Cyber security expert Arti Lalwani sheds light on the challenges and opportunities of being a woman in cyber security.
Although the number of women in cyber security has increased over the past years, there is still a long way to go to achieve equal gender representation in the field, as a report by ISC suggests, women only account for 25% of the global cyber security workforce and although this is an increase from previous years, cyber security expert Arti Lalwani believes it’s not enough and wants to encourage women to pursue a career in cyber security.
In a recent interaction with CXOToday, Lalwani, who is currently Associate Director, ISO Markets and Accreditation at A-LIGN, a global provider of IT solutions and cyber security services, and all-around powerhouse that’s breaking barriers in a male-dominated industry, throws light on the challenges and opportunities of being a woman in cyber security.
Being a woman in cyber security, Lalwani had to work much harder to excel in her career, and now she not only determines the strategic direction of A-LIGN’s ISO practices, but she also manages a team of over 20 auditors that conduct management system compliance audits.
From the factors that lead to women being underrepresented in cyber security to removing those barriers, she discussed ways in which organizations can bridge the gender gap in the field.
While there’s already a scarcity of cyber security professionals in the industry, there is also an urgent need to reduce the gender gap between professionals. What are your views on this?
While I agree that men are over-represented in the cyber security industry, it is important for organizations to hire individuals that fit the position. Hiring managers should remain aware of the gender gap without directly focusing on the gap.
Most women will wait until they feel they are fully qualified for a position to even apply. Taking this into consideration along with a woman’s career potential will help hiring managers close the gender gap within their organizations. In my case, my confidence to undertake the role I was accepting was bolstered by my manager. He saw my potential to succeed in this role much more than I ever thought I would and I proved him right.
How would you describe the opportunities for women leaders in cyber security today? Has remote work created any impact on women in cyber security?
Many organizations based in the US have started positioning women in leadership roles, however women in executive positions are still extremely scarce. According to Catalyst.org, in 2020, only 23% of executive positions were filled by women. This means that most of the time, an organization’s leadership team rarely has a woman.
Remote work has provided flexibility for women in the workforce and created the opportunity for real work-life balance. Take me as an example; the couple hours it would take me to get ready and travel to the office in the morning has been replaced with billable work time.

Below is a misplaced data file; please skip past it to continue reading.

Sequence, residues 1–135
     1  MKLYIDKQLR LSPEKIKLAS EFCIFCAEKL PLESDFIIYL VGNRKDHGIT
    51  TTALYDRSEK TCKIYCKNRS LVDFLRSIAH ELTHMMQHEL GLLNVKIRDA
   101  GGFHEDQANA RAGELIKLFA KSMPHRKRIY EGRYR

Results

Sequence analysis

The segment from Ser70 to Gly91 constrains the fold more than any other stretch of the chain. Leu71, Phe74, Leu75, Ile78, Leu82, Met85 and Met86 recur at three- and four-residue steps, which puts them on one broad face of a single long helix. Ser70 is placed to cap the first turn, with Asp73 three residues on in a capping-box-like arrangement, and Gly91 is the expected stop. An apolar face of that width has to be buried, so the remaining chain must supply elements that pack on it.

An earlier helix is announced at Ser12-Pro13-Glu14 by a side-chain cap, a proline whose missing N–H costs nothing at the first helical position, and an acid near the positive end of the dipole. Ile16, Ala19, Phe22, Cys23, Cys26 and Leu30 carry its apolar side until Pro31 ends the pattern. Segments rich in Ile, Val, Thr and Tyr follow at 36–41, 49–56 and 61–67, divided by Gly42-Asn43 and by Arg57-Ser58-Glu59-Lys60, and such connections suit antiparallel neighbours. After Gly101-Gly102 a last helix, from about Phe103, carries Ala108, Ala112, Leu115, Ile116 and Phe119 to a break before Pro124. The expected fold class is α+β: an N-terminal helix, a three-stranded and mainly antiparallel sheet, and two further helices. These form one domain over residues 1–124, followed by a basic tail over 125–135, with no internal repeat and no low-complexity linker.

What is compelling is the fact that women with families and single mothers have a more equal platform in the industry thanks to the ability to work remotely. This flexibility levels the playing field and helps to reduce the gender wage gap, especially in areas of the country where wages are lower.
What do you see as the biggest hurdle that needs to be overcome in order for more women to pursue this career path?
Women face a high barrier to entry when trying to break into the cyber security field, especially when without mentors and advocates to guide them and provide support. I believe that reflecting diversity in leadership teams and at educational institutions has the potential to contribute to more women pursuing a cyber security career path. Furthermore, mentorship is a critical support for women to forge a career in cyber security.
Honestly, if I tried to break into this industry as a fresh college graduate today, I don’t think I’d have nearly as much success without all the people who mentored me.
More broadly, cyber security has a lack of diversity of representation. This is coupled with unrealistic hiring expectations, like entry level roles that require ten years of experience and outdated certifications listed as qualifications. These unnecessary obstacles prevent a lot of people from considering a career in cyber security.
Do you think that women CXOs have to prove twice as much as men so that our opinion is taken into account when carrying out technical careers such as cyber security?
Absolutely, I believe not only do women have to prove themselves compared to their male counterparts, but minority women have to work even harder. In the cyber security industry, I believe men are often automatically handed respect while women have to prove their competence.
I have experienced this myself! As a manager, when I have accompanied one of my employees or a male colleague on a client visit, I have had clients assume I was the assistant joining to take notes for that meeting.
What kinds of obstacles have you encountered in your years as a professional to get where you are?
While race, sex and age have all presented themselves as obstacles in my professional career, these experiences have taught me how be a better manager. I don’t want other women to encounter these issues any more than they have to. I try to take an active role in mentoring other women and helping them navigate and rise above these obstacles. I want to help them focus on being valued for their contribution versus filling some company’s diversity quota.
What does it take to have more women in cyber security leadership roles?
Here are a few things that come immediately to mind:
- Throwing out the boys club rule book.
- Deepen hiring efforts to identify potential candidates apart from the usual qualification path.
- Providing mentorship support at all levels of a woman’s career.
- Providing flexibility for a woman to work remotely and maintain the family life they desire.